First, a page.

Supporting ELLs Through Project-Based Learning Transcript
Teacher: First thing, what are some of the species we had? Jar Jen 00:09, you said you were number one.
Narrator: If you’re not yet using projects and you’re serving a lot of English language learners, think about how I can transform my class into one where hands-on, small group work is the main mode of instructional engagement.
Teacher: This machine here is going to make copies of DNA, just like the copy machine makes all the beautiful handouts.
Narrator: The project is always hands-on. The project is always giving them something more than just words to grab onto. In my class, biology, it’s hugely important to be able to graphically represent what you’re thinking of.
Teacher: What our goal is today is to amplify DNA. What we need to do is make a lot of copies first.
Narrator: If that’s doing an experiment on plants or it’s creating procedure guide to how to extract DNA, they have an idea in their mind what that looks like. By the time they’re sitting down to do the project, they know what the stuff is, they’ve seen it, they have pictures, they have drawings. They’ve creating something. Now they’re putting words to ideas.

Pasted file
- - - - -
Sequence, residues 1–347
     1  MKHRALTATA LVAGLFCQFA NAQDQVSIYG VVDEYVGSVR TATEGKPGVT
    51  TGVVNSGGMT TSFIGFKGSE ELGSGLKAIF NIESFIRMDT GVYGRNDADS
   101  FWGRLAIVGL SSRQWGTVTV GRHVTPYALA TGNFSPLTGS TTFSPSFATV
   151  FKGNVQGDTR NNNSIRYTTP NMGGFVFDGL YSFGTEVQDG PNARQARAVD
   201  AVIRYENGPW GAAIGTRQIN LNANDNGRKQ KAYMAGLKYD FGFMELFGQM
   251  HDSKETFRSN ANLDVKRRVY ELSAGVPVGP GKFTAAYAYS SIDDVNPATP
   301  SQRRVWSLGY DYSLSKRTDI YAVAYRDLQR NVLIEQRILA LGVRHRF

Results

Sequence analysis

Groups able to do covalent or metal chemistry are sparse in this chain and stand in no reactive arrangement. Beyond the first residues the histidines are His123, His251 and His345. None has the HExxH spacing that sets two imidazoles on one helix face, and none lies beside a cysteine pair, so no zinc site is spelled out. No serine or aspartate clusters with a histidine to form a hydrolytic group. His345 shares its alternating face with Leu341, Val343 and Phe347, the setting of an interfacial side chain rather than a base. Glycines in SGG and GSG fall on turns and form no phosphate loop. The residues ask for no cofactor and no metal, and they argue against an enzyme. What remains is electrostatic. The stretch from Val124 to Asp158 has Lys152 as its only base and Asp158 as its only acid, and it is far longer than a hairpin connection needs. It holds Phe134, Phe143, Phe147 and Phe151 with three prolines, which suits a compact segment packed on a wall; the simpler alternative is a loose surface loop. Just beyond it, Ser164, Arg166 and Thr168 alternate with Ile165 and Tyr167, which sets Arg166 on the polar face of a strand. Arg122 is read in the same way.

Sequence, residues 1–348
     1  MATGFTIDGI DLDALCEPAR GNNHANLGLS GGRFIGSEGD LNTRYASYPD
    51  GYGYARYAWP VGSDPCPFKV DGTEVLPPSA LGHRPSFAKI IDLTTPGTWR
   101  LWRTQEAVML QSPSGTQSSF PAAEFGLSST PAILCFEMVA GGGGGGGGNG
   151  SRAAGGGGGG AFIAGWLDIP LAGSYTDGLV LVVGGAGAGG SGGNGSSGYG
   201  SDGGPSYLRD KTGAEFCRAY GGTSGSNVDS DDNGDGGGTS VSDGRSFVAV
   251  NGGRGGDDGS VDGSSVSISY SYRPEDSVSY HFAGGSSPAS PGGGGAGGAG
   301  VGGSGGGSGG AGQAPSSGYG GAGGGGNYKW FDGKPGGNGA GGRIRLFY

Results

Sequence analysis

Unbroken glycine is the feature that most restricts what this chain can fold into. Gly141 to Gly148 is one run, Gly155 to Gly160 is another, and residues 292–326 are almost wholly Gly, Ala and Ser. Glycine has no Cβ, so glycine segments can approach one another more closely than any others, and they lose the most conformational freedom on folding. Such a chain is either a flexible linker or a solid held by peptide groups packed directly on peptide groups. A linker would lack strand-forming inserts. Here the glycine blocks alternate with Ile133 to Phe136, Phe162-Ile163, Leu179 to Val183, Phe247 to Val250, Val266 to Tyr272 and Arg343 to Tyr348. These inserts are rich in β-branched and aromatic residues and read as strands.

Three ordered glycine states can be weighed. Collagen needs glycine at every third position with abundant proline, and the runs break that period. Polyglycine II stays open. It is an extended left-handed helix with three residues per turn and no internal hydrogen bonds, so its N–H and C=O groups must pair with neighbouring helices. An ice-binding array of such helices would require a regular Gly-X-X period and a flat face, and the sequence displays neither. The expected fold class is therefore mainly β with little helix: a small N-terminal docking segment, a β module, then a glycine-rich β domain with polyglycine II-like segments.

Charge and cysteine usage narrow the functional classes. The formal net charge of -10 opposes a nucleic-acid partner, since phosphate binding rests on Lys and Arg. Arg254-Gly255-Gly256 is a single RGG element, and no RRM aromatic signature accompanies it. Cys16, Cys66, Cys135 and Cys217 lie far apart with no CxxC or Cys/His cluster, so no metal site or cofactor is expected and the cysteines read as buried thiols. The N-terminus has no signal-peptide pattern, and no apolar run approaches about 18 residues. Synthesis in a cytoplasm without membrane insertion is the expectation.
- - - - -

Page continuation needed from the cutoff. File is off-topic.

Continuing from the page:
Teacher: Which word are you using to describe step one, step two, step three?
Narrator: Group work is a vital component of what we do. The real conversations happen when kids are able to talk to each other about what it is they’re doing. In our classroom, we have a lot of different conversations going on in a lot of different languages. We want English to be the common language at the table, but we also are encouraging, when possible, for students who speak the same language to talk to each other and develop understandings in their native language.
Teacher: I like how you have something similar to what Yon Ling 01:57 has.
Narrator: I want them to realize that if you know it in your native language as well as in English, you’re developing literacy in two places.
Teacher: What happens to the old DNA? Unzip.
Narrator: You’re doing the same thing you would do for other groups, but you’re adding to our consciousness that this group needs that attention. You’re also constructing in your projects and in your small group work opportunities for these kids to be supported by their peers and to support each other.